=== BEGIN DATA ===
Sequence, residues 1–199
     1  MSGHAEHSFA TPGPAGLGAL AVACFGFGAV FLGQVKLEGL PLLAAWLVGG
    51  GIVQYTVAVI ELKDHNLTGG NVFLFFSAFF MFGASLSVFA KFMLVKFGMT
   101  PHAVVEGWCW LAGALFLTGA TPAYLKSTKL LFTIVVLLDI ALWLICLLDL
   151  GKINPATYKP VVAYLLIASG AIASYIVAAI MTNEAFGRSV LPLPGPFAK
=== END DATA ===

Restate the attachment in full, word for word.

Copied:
Sequence, residues 1–199
     1  MSGHAEHSFA TPGPAGLGAL AVACFGFGAV FLGQVKLEGL PLLAAWLVGG
    51  GIVQYTVAVI ELKDHNLTGG NVFLFFSAFF MFGASLSVFA KFMLVKFGMT
   101  PHAVVEGWCW LAGALFLTGA TPAYLKSTKL LFTIVVLLDI ALWLICLLDL
   151  GKINPATYKP VVAYLLIASG AIASYIVAAI MTNEAFGRSV LPLPGPFAK